According to a GSM Association spokesman quoted on the BBC Online website today, “The mobile phone is the only viable technology that can bridge the digital divide”. This is quite a bold statement in a debate which has been running for a fair old time. It goes along the lines that by putting something digital – a mobile phone in this case – into the hands of the worlds poor you can economically empower them, among other things. If it were only this simple.
It goes without saying that the mobile phone is revolutionising the way Africans talk to each other. Often described as a “leapfrogging technology” the mobile is bringing communications to areas which have never seen, and in many cases would never be likely to see, traditional landlines. And once these phones are unleashed on a population it’s true that quite amazing things happen. Budding entrepreneurs quickly spring up providing battery charging services, others sell carry cases, chunks of call time, car chargers, replacement covers and top-up cards (a huge percentage of third world customers use the ‘Pay-as-you-go’ service due to a lack of credit history, a bank account or even an address). One of the more remarkable examples of entrepreneurship is the building of tall wooden towers which users climb, for a fee of course, before making their call in areas with a bad signal. Who’d have thought of that?
During field-based research for a report I co-authored a couple of years ago, we called this “organic growth”, the secondary effect of the mobile revolution. At that time the knock-on effect of providing mobile coverage to a population wasn’t really appreciated, but sometime later Vodafone showed they had their eye on the ball when they published a comprehensive study of the socio-economic impact of mobile phones. It’s well worth a look.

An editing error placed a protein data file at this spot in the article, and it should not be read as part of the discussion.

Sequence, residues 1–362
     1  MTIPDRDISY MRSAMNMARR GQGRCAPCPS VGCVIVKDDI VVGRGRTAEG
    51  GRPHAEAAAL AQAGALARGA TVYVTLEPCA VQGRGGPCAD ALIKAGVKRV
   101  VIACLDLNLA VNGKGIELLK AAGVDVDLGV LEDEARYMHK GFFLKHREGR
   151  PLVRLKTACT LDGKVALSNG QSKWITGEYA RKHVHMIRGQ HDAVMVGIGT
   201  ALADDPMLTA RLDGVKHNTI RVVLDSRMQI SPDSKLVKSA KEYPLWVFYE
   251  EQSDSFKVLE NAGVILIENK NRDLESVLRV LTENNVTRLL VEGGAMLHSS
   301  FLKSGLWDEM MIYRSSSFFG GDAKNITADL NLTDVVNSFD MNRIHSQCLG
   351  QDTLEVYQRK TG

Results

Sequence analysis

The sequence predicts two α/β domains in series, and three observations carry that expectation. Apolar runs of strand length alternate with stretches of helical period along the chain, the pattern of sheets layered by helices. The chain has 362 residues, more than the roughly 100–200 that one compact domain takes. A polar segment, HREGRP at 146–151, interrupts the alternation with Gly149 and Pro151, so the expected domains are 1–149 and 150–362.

As far as economic empowerment goes, it is true that some will benefit. But many others will be left behind. Being able to send a text or make a phone call alone isn’t going to drag everyone out of poverty. The mobile phone as a political empowerment tool though? Well, that’s another matter. Voting in elections with your mobile? Being done. Spreading a political message? Being done. Campaigning? Being done. Political activism? Being done. Quite clearly the more phones out there equals more opportunity.
It’s perhaps no coincidence that many developing countries are struggling with the democratic model, and perhaps no coincidence that in a fair few dictatorial regimes reign ‘supreme’. (Is Thabo Mbeki the only African leader not trying to change his country’s Constitution to stand for a third term?!). In places where free speech can land you in a whole load of trouble, mobile technology can give people a voice (or text, as the case may be). And an anonymous one at that. And this should not be underestimated.
The GSM Association can certainly do their bit. But let’s not get carried away. Unleashing 12 million $30 handsets into developing countries may grab the headlines, but a handset alone isn’t going to solve the complex problems that many of these people face on a daily basis.